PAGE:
• Collaboration: Collaboration with local stakeholders such as community organizations, NGOs, and private sector entities is essential for the success of the ADP. Collaboration ensures that interventions are relevant and appropriate to the local context and that there is ownership and sustainability of the interventions.
  • Competition: The competitive spirit among districts is essential for the success of the ADP. Competition encourages districts to perform better and improve their rankings. This ensures accountability and effective implementation of the program.
The core strategies of convergence, collaboration, and competition are essential for the success of the Aspirational Districts Programme in India. These strategies help in ensuring effective implementation, sustainability, and accountability, and are essential for the transformation of underdeveloped districts in the country.
25) ‘Women’s movement in India has not addresses the issues of women of lower social strata.’ Substantiate your view. (250 words)
The women's movement in India is a broad term that encompasses various feminist groups, organizations, and individuals that advocate for gender equality and women's rights. However, it is widely argued that the women's movement in India has not been able to effectively address the issues faced by women belonging to lower social strata.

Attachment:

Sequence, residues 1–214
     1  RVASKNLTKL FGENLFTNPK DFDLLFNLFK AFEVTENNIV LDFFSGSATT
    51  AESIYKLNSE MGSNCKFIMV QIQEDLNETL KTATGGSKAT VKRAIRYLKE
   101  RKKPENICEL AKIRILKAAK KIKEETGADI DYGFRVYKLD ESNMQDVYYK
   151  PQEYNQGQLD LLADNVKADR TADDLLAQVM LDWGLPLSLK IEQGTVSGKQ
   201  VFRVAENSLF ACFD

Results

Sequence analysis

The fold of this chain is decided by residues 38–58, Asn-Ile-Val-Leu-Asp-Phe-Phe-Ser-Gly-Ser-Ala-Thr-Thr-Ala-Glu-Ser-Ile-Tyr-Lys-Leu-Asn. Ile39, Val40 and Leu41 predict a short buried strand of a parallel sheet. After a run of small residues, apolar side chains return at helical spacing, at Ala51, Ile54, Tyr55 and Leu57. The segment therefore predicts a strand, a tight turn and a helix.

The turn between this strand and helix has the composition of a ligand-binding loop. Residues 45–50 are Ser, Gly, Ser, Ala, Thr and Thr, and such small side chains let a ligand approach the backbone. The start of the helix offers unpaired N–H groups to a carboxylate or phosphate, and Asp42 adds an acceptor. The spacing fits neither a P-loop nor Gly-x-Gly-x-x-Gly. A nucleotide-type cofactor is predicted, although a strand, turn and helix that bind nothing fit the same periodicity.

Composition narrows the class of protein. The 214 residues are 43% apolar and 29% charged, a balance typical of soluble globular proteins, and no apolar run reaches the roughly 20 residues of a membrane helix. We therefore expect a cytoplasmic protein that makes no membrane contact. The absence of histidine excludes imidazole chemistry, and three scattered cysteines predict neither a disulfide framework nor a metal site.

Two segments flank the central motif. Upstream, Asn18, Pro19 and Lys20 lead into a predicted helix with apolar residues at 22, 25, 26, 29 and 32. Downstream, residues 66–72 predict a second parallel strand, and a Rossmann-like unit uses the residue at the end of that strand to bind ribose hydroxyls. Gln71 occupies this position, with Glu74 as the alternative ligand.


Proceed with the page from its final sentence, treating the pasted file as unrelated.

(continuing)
Failure of women moments in addressing issues of lower strata
  • Women's movement in India has been largely dominated by the upper and middle-class women (according to Centre for Women’s Development Studies, New Delhi).
  • These movements have focused their efforts on issues such as women's education, economic independence, and reproductive rights, which are not the primary concerns of women from lower social strata. While, women of lower strata face more pressing issues such as poverty, illiteracy, and lack of access to healthcare.
  • Feminist discourse in India has largely been centred around the rights of women in the public sphere, such as education, employment, and political representation. However, women from lower social strata face issues such as domestic violence, child marriage, and dowry harassment, which are often overlooked.
  • They are confined to urban areas, neglecting the rural women who make up the majority of the population. They face unique challenges such as lack of access to basic amenities like water and sanitation.
  • The language used by the feminist movement is often inaccessible to women from lower social strata who may not speak English or be literate.
Thus, it is essential that the movement becomes more inclusive and diverse to effectively address the challenges faced by all women, regardless of their social and economic status. The feminist discourse in India needs to broaden its scope to encompass issues faced by rural women, marginalized communities, and women from lower social strata.
26) ‘Globalisation is generally said to promote cultural homogenisation but due to this cultural specificities appear to be strengthened in the Indian society.’ Elucidate. (250 words)